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Avery M. Guess

The Patient’s Complaint

Anything I say will be held against me. This complaint for instance. You’ll label me non-compliant for complaining. I may be held. There are restraints for that. Medicine. Jackets. Rooms. But I swear, I’m only moving two letters around. I-A-N-T. A-I-N-T. The beginning’s still the same. C-O-M-P-L. As in complementary: things that go well together. Complimentary: words we use when we think someone has done well or if we like their choice of clothing. I’m a fan of jackets, but I’m afraid I can’t compliment yours. Bright white doesn’t complement my skin tone. One of the boxes the nurse ticked off about me when I checked into the hospital was unkempt. And it’s true. I could not keep up.

Non compos mentis. Not of sound mind. Non-compl-iant. Non-compl-aint. Ain’t. I’m sounding ignorant. But I’m not. I just can’t think fast right now. My brain has thickened to gravy. I can’t swim through the thoughts to get to the other side. The other side has left the building. I can’t leave the building. There are locks and checks and double checks. And there’s fresh air outside, anyway, on the 12 foot by 12 foot enclosed patio with the two picnic benches and the thirty-odd patients filtering in and out to smoke and remind themselves that there is a world beyond the 15-minute checks at night and the compulsory classes on managing anger or sadness or your shoes without their laces. Wouldn’t want us to try anything. Wouldn’t want us to be non-compliant.

And if you do. If you, say, try to hang yourself with your bed sheets knotted and tied to the bathroom door, push both beds against the door to the room, while I am off on the patio smoking, expect me to feel guilty I wasn’t there to stop you. Expect me to scream for a nurse when I get to the door I can’t open all the way and see your face purpling above the white sheets tied tight around your neck. Expect boxes to be ticked off. Expect to be moved to a ward with one-on-one observation. Expect to be labeled non-compliant. But don’t expect me to complain or follow your lead.

My complaints have not made it past my gravy-thick brain to my mouth, my voice. I’m voiceless. My speech: retarded. My affect: flat. Blunted. There is no there, there. I’ve disappeared. I couldn’t complain even if I wanted to, but I don’t. Want to, that is. Because I’ve done this before. I know the quickest way out is to be compliant. Take what’s offered. Pills. Therapy. Even though they don’t work. Haven’t ever worked. The cure is an illusion. The hospital is an allusion. Each state a different hospital. Each hospital the same state. The same staff. The same game. You want to leave? Be compliant. Don’t complain.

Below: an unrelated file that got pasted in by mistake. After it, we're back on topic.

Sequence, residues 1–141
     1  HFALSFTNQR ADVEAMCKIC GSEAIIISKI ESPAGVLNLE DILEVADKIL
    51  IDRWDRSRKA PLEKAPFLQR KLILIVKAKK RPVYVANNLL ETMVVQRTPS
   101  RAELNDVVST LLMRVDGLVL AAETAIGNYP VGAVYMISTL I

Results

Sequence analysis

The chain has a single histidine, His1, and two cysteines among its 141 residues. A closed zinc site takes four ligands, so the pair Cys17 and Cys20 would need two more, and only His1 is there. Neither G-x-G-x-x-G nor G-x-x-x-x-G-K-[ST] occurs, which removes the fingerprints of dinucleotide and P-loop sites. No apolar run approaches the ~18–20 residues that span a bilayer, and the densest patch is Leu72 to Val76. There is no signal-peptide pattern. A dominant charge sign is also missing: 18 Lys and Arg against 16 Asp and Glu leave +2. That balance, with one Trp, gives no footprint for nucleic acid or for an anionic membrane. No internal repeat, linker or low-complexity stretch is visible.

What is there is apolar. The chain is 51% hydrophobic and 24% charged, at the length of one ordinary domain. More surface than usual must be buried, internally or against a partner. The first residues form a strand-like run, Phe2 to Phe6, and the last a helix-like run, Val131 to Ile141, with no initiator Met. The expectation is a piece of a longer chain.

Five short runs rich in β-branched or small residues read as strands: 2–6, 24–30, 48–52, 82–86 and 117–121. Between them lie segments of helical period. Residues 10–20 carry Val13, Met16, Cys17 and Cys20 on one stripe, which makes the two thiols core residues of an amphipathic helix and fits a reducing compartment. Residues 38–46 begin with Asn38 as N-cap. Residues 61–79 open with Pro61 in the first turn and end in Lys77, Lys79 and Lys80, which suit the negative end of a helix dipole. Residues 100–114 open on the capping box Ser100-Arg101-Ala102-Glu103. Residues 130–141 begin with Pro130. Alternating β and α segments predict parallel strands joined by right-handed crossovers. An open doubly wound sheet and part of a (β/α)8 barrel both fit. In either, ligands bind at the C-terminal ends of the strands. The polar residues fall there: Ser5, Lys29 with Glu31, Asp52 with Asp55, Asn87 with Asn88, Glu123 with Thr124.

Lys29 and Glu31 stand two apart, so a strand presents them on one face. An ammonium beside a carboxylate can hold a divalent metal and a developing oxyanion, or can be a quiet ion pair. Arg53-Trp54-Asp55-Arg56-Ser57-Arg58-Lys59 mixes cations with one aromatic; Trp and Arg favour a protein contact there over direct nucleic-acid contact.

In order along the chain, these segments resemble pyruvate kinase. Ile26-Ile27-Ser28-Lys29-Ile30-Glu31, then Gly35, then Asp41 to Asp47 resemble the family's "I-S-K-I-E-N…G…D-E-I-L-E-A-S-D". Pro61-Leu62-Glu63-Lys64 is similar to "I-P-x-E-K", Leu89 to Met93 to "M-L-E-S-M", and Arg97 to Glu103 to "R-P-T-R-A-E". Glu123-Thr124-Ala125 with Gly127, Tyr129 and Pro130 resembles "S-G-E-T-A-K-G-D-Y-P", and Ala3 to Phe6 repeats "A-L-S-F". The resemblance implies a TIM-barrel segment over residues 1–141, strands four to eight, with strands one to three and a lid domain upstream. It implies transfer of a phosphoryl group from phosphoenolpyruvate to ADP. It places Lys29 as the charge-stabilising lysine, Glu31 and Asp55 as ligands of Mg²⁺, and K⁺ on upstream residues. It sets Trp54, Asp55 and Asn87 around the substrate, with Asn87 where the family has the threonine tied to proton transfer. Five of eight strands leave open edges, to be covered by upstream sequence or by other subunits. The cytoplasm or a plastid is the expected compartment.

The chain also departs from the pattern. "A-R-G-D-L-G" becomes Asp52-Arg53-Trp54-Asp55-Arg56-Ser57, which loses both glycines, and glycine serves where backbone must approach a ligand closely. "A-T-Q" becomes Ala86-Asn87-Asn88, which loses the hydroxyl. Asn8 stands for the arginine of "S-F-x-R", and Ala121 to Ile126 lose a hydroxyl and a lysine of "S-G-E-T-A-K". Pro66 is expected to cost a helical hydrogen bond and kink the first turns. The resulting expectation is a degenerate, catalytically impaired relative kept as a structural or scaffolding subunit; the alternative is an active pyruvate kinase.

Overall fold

The Patient Talks of Electroshock and Lobster

Lobster is all I remember about Pop-Pop’s electroshock at the hospital on South Beach. He was given lobster on the ward and liked it. I didn’t visit him there, didn’t see him gorge on that sweet meat after his calculated convulsions. But lobster is what I heard a decade later when the doctor suggested electroconvulsive therapy as a way to pierce depression’s seal on my skin. This was no child’s play, no white glue poured over fingers, set dry, and peeled off slow. No delight in a fingerprint’s lingering kiss. No thrill in traversing the stifling layers, my tongue made thick with language I could not speak. What the doctor suggested would not do. All I could think about was Pop-Pop and the lobster. Until the lobster became the ECT machine became the lobster, and I pictured my skin angry like a lobster’s tail post-boil. Now, lobsters can be shocked to death. The CrustaStun can knock a lobster out in .3 seconds, kill it in less than 10. More humane than boiling, the device shortens the lobster’s suffering by minutes. If my depression could have been disappeared that fast, I would have said yes. Yes to the current to lighten my mood. Yes to the lobster.  


Avery M. Guess is an MFA candidate in poetry at Southern Illinois University in Carbondale and a poetry editor at Revolution House. Her poem “Attempts at Flight” was named a finalist in Yemassee’s 2012 Pocataligo Poetry Contest. She was awarded an Artist Enrichment Grant from the Kentucky Foundation for Women in 2010 and recently was a featured poet at the Holler Poets Series in Lexington, Kentucky, and the Rivertown Reading Series in Paducah, Kentucky. Her poems appear in or are forthcoming from Accents Publishing’s Bigger Than They Appear: Anthology of Very Short Poems, Appalachian Heritage, Still, The Chaffey Review, Bellevue Literary Review, and other fine journals.